Over the years ducks have been bred for different purposes, primarily meat production and egg production. If you plan to raise ducks on your homestead, it is important to choose a duck breed that best suits your particular needs. All domesticated duck breeds originated from the mallard. The male mallard has a couple of curled tail feathers, called sex feathers. No other non-domesticated ducks have these sex feathers.
Duck Breeds for Meat Production
Heavy and medium weight ducks typically are raised for meat production. The main breeds are the Pekin and the Muscovy.
Most of duck meat produced in the United States is from the Pekin. A Pekin usually reaches six to seven pounds in around two month’s time. They are popular because of their fast growth rate and yellow skin. They are considered a general purpose breed because the hens lay fairly large numbers of white-shelled eggs.
Muscovies are a wonderful choice because they free-range well. Their meat is leaner than meat from ducks, which tends to be fatty. Wait, Muscovies aren’t ducks? Well, maybe not. Skip to the end for more details. Male Muscovy can become very large at ten to twelve pounds. Females tend to be much smaller at five to six pounds.
Duck Breeds for Egg Production
Runner and Campbells are excellent egg laying duck breeds, often laying more eggs than most chickens over the course of the year. Both tend to be nervous and flighty and they will stampede when startled. Both duck breeds are good foragers, but also do well in confinement if they are provided with a good layer feed.
Runner ducks cannot fly, are lightweight, and stand upright like skinny little penguins. They run rather than waddle, which is how they get their name. Typically, a runner duck lays four eggs per week for about eight months, but specialty bred ones can produce more than 300 eggs in a year. Darker varieties of runner ducks lay a blue-tinted egg. Runner ducks don’t make nests and often drop their eggs wherever they happen to be. Because of their small size, runners eat less feed than meat ducks.
Campbells were developed by Adele Campbell in the late 1800’s. They are a cross of a runner and a rouen in an attempt to create a breed of ducks that would lay well but have bigger bodies. The offspring were crossed with mallards to increase their hardiness. There is only one variety of Campbell ducks—khaki. We have khakis and have been very happy with them. They seldom become broody, but we have a couple that have brooded in the past. They lay an off-white egg. As long as you provide supplemental lighting, Campbells will continue to lay through the winter months.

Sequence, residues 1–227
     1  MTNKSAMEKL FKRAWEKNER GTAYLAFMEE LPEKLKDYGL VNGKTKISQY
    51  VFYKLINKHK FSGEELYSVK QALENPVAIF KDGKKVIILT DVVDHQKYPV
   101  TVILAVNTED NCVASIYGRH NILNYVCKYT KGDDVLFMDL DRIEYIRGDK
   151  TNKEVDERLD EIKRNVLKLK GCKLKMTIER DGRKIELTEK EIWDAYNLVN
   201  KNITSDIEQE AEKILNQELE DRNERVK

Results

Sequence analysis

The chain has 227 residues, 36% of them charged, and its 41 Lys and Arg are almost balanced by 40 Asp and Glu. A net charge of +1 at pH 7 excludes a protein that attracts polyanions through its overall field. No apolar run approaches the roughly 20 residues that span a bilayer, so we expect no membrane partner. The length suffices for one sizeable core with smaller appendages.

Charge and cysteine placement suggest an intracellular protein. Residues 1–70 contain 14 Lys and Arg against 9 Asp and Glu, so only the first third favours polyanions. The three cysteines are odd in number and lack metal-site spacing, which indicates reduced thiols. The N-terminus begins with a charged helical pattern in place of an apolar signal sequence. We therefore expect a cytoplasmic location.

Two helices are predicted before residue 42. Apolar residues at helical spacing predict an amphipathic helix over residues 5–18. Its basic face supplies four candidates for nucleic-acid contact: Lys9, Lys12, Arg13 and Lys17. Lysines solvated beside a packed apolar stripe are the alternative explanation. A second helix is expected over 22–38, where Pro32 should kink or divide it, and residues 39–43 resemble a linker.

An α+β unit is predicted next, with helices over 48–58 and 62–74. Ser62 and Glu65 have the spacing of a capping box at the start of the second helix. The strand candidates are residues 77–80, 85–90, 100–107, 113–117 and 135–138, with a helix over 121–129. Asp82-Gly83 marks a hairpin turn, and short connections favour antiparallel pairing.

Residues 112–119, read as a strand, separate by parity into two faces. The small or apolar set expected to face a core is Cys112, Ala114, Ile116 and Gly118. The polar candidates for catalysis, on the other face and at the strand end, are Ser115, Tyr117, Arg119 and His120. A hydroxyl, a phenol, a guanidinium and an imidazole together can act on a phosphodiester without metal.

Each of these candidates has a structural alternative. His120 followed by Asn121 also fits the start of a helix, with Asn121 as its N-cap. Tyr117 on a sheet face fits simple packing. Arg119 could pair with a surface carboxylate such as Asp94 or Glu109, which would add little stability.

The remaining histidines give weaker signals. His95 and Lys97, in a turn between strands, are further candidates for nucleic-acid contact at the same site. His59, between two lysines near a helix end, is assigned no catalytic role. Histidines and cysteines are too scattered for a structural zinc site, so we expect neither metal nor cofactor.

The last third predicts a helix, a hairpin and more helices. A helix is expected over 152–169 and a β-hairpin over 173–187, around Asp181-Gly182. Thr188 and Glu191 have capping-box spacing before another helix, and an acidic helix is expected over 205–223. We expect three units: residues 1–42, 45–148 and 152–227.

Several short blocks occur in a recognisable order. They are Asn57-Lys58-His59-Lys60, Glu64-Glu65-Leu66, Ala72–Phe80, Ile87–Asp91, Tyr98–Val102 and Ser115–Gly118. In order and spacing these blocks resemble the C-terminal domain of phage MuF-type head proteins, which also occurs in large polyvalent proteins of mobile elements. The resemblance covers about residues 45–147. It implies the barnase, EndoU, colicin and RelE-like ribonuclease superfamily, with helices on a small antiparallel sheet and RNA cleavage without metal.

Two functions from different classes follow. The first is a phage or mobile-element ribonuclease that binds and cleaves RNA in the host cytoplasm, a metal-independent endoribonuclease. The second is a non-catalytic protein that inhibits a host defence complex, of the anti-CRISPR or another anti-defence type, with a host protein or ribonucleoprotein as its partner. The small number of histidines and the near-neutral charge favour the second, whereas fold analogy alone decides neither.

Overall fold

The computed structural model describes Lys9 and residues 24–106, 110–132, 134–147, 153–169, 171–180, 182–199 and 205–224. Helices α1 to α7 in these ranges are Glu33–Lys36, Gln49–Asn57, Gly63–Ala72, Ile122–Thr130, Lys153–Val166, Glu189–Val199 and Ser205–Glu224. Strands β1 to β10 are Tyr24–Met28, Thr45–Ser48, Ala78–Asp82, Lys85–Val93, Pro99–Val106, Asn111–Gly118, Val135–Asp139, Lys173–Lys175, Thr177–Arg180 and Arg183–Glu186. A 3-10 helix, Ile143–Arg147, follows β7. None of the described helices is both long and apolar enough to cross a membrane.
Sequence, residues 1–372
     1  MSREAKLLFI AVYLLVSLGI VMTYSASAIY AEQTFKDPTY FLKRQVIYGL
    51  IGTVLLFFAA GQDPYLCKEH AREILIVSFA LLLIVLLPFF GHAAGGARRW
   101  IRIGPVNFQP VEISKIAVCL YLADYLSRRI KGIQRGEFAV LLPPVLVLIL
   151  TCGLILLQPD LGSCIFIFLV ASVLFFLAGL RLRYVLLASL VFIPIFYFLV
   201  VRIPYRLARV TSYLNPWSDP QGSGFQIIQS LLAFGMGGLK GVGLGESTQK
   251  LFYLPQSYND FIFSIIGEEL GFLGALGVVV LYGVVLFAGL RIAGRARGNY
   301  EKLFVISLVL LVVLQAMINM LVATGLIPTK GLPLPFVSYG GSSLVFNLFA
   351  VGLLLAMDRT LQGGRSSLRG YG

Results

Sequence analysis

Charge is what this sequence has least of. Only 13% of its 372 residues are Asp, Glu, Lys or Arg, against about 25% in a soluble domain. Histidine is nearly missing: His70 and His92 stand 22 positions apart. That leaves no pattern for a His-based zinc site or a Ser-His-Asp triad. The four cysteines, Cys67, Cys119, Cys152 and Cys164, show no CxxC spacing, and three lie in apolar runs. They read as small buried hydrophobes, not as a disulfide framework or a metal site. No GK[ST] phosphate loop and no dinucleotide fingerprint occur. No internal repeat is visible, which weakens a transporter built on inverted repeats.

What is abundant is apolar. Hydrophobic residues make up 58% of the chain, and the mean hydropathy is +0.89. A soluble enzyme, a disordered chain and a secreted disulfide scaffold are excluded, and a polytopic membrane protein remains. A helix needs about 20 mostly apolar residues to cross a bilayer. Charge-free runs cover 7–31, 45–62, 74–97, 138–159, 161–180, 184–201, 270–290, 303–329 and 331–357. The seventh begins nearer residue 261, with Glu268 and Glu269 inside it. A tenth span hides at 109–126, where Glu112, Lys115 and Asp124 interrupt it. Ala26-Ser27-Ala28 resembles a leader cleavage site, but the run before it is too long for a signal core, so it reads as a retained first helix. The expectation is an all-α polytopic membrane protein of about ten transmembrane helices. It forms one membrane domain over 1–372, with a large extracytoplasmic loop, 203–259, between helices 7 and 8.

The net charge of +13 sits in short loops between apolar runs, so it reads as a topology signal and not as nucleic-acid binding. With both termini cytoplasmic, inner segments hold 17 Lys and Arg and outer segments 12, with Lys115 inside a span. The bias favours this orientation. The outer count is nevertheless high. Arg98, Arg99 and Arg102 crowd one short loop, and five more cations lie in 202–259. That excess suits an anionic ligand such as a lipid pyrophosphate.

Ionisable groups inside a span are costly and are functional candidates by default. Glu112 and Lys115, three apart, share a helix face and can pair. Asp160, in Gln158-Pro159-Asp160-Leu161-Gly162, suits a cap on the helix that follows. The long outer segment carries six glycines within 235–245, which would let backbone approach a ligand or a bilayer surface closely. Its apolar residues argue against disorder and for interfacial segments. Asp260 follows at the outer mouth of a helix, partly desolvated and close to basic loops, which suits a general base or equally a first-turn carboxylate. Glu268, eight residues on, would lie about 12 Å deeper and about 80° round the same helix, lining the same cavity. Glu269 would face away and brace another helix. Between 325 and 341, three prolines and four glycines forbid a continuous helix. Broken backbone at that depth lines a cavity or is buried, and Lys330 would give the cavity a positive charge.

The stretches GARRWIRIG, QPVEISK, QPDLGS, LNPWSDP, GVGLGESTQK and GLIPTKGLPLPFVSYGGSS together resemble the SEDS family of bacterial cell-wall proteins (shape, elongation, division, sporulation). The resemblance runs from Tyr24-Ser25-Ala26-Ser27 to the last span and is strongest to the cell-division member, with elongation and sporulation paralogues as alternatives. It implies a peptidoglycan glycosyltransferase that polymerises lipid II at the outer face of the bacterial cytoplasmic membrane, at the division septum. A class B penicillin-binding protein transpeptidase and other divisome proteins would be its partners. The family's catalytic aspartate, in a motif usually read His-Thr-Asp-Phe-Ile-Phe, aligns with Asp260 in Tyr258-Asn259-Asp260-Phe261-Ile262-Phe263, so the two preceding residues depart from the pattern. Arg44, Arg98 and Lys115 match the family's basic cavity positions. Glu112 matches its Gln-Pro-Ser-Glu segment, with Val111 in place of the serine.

Dual Purpose Duck Breeds
If you have a small homestead and you want to raise a bird that can be used for meat and eggs, you’ll want a dual purpose duck breed. These birds are heavy enough to make processing worthwhile, but also have high productivity.
Another stellar layer is the Welsh Harlequin duck. This colorful breed can serve as a meat duck and as a prolific producer of white or tinted eggs, producing 240-330 white shelled eggs yearly. They are highly adaptable, active foragers, excellent producers of lean meat, and beautifully colored.
Swedish ducks come in two colors which are actually considered different breeds. Blue and black. Swedish are similar in size to the Rouen and are very hardy ducks. They are heavy enough to be used for meat, weighing in at 5-6 1/2 pounds, and they lay approximately 180 eggs per year. We have Blue Swedish and have fallen in love with this flightless duck.
A Note on Muscovies
Another bird widely kept in domestication is the Muscovy. Unlike all other domesticated ducks, the Muscovy isn’t derived from mallards. In fact, it’s been called into question whether Muscovies are actually ducks or a separate perching waterfowl classification of it’s own. Only in body shape are they like ducks. They nest, attack predators, and hiss like a goose and they roost like a chicken. Their plump breast is similar to the breast of a turkey. Muscovies are still found in the wild in the warm regions of South America and are raised domestically throughout the world.
Before you split, check out these articles
Latest posts by Jessica Lane (see all)
- How to Make Tomato Paste Easily in the Oven - September 15, 2017
- Your Guide to Reading and Understanding a Seed Packet - September 12, 2017
- Raspberry Cordial: Recipe Inspired by Anne of Green Gables - September 10, 2017
- Recipe: Goat Milk Shampoo Bars for Healthy Hair - September 1, 2017
- Goat Rescues: What you really need to know - August 31, 2017